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review 2019-03-21 16:48
RELEASE TOUR, REVIEW & #GIVEAWAY - Lost Wolf (New Dawn, #4) by Rachel M. Raithby
Lost Wolf (New Dawn #4) - Rachel M. Raithby

Lost Wolf is the fourth book in the New Dawn series, and we not only have a new couple, but we go back and re-meet the others too. The start of this book runs concurrently with a couple of the others, so you get to see Tyler and Regan in action that you 'missed' last time.

Regan hasn't had it easy, and it is her story to tell so I won't even try. Needless to say, Tyler is the one who helps her to live again, although being Dark Shadow, that poses a problem all of its own. Not only that, but Kat and Bass are having their own problems, brought about by Castor still trying to ruin their lives. No-one said being a shifter was easy.

There is so much in this book - from meeting new characters, to new romance, to building plans, to the world ending... it's all there. And without a single editing or grammatical error that I noticed. The storyline flowed smoothly, and with the chapter headings, you always knew when you were. I have thoroughly enjoyed this addition to the series, and I can't wait to see where we go from here. Absolutely recommended by me.

* A copy of this book was provided to me with no requirements for a review. I voluntarily read this book, and the comments here are my honest opinion. *

Merissa
Archaeolibrarian - I Dig Good Books!

 

@HotTreePromos, @Rach1986UK, #New_Adult#Paranormal#Romance, 5 out of 5 (exceptional)

Source: archaeolibrarian.wixsite.com/website/single-post/2019/03/21/Lost-Wolf-New-Dawn-4-by-Rachel-M-Raithby
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review 2019-03-16 19:32
Wolf Pack by C.J. Box
Wolf Pack - C.J. Box

The Joe Pickett series is one of my favorite series I read.  I can never put an order to what my favorites are, but a new Joe Pickett comes out, it is my next read.  Hopefully, none of my other favorites come out at the same time.  That would just be pure hell.

 

Without getting into spoilers, wolf pack has different meanings other than just being the title.  At the end of the last book in the series, The Disappeared we find Joe fired from his Wyoming warden job by the Governor, but this being a Joe Pickett series, former Governor Rulon sees to it that Joe gets his old job back, along with a scandal for the new Governor and Joe gets a new boss.  He gets his old district back, his old badge number and a new truck and house since his old house had burned down due to arson.  These aren't really spoilers because you learn this in the first few pages of the book.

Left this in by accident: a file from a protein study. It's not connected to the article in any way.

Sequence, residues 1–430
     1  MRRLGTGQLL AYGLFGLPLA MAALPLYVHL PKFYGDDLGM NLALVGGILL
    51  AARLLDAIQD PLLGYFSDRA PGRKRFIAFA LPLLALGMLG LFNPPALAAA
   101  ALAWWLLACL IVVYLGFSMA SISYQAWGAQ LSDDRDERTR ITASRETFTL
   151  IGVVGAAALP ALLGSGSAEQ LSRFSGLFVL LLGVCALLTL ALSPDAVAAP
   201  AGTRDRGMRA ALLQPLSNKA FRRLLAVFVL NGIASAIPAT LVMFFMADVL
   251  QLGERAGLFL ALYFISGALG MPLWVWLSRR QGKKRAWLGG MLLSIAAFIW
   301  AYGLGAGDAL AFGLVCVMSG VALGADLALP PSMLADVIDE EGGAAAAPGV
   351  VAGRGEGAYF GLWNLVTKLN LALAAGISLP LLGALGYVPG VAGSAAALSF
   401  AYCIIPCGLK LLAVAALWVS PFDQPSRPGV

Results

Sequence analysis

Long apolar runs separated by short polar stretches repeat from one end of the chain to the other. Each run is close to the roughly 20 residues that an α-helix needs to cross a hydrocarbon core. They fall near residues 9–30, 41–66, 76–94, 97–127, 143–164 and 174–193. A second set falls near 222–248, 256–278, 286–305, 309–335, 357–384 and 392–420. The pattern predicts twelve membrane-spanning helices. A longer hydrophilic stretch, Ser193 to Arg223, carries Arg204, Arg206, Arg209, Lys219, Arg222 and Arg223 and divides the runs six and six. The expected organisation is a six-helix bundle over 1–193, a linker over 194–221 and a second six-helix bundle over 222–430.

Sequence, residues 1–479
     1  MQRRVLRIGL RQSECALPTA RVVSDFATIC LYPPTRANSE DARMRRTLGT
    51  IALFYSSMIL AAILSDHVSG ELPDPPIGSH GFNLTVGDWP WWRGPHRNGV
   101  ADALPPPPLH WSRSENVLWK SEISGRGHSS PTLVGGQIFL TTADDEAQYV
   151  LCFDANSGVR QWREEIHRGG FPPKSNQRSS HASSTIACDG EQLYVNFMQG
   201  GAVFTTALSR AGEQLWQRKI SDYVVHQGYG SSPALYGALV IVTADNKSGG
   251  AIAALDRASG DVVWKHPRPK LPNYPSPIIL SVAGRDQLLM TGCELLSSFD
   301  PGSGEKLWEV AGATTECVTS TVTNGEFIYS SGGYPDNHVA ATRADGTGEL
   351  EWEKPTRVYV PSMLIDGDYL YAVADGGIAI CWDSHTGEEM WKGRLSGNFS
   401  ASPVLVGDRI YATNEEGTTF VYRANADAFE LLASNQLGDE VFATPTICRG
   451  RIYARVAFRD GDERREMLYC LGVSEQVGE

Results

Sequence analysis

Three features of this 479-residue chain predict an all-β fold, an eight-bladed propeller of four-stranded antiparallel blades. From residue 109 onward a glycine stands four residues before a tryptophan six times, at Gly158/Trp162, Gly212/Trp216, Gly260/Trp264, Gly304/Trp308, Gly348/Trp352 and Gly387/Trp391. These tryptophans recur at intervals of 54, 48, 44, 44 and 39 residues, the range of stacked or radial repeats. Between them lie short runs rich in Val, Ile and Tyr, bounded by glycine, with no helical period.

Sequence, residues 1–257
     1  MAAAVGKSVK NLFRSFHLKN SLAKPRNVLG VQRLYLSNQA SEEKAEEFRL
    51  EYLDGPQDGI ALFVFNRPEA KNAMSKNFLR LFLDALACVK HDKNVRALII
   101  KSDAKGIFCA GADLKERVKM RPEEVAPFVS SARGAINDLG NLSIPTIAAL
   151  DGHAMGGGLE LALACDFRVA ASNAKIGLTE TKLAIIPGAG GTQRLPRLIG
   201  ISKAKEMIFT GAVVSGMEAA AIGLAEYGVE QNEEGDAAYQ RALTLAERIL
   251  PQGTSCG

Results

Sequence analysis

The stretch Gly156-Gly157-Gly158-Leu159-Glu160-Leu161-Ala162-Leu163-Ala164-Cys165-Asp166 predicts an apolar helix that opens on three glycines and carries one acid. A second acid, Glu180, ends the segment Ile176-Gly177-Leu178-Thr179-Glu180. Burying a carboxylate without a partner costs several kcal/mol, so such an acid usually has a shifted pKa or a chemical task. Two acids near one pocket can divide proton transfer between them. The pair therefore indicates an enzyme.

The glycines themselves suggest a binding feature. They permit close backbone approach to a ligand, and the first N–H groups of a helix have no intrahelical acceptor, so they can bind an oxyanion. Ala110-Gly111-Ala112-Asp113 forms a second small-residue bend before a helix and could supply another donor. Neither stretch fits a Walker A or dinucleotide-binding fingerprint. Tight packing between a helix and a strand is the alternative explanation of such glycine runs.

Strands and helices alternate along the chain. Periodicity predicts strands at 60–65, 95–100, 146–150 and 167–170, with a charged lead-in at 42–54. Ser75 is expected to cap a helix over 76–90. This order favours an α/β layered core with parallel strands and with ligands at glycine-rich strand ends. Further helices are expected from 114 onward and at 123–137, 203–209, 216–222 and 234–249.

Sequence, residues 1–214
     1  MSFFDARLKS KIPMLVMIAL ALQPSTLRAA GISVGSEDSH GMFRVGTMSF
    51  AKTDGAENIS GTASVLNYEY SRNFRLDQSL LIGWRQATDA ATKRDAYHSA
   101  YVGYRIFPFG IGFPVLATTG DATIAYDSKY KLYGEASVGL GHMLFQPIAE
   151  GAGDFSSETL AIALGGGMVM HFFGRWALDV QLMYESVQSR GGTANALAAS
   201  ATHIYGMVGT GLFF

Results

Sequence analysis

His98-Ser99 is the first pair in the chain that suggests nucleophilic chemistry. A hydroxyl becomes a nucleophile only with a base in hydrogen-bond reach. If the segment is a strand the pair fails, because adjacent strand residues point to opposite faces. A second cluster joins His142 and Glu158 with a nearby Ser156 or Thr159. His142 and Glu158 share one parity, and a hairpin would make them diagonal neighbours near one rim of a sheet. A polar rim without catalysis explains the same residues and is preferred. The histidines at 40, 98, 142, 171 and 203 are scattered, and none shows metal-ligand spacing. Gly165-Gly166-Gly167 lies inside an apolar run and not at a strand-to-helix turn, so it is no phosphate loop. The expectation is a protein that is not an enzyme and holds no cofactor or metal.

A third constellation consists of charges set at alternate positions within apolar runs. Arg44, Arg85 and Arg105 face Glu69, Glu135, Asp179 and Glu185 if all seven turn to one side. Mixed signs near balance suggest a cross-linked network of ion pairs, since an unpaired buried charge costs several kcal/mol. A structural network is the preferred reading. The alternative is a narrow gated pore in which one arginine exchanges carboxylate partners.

If you want to know about what the book is about then read the book cover.  Box comes up with things probably no other warden would ever come up against.  One thing about Box is that he is not the best writer you will come across.  Where he excels at is that he is a storyteller, like Craig Johnson.  His books are never too long, never padded with filler that starts to bore you, he just tells a story about Joe Pickett, his family, and friends.  I can't wait until his next book.

 

Wolf Pack by C.J. Boes

Book 19 in the Joe Pickett series

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review 2019-03-07 18:45
THE WOLF AND THE WATCHMAN by Niklas Natt och Dag
The Wolf and the Watchman - Niklas Natt och Dag

 

A gruesomely mutilated body is fished out of a local lake by a night watchman. So begins this dark mystery set in Stockholm in the late 1700's.

 

The main characters, the aforementioned night watchman, (Cardell), and a lawyer dying from consumption, (Winge), were fascinating and multi-layered. Winge hasn't much time left in this world, and he makes the investigation of this case his only reason for living. Cardell, an injured war veteran looking for self worth and coming up short, is turning to the bottle instead. This mystery provides a reason for him to stay sober. Mostly. Together, they wander the disgusting streets of Stockholm, hunting their murderer. Will they find him/her? Will Winge live long enough to see the perpetrator tried for the crime? Will Cardell be able to keep himself out of the bottle long enough to aid Winge in his only goal? You'll have to read this to find out!

 

I enjoyed reading about this time in Stockholm's history. Admittedly, I do not know much about the city or the country, but I learned a little bit reading this book. I learned that the city, much like others of its size around the world at that time, was a seething pit of disease. Piles of excrement lying around, chamber pots emptied out the window-I think you get the drift. Whenever I read about living in a city during this time period I wonder how humanity survived at all.

 

On top of the filth of the city, its inhabitants were often entertained by the worst society has to offer. Gambling, prostitution, and ruining the reputations of others just for fun-these were the popular habits of the day. A woman, left widowed, or worse yet? Impregnated before marriage? They were left in circumstances beyond dire. Combat veterans-especially those who lost limbs or those who were mentally impaired due to the harsh circumstances of war? They fared no better. Most people were so involved in their own survival, (no small feat!) there was no time or thought put into charity for others.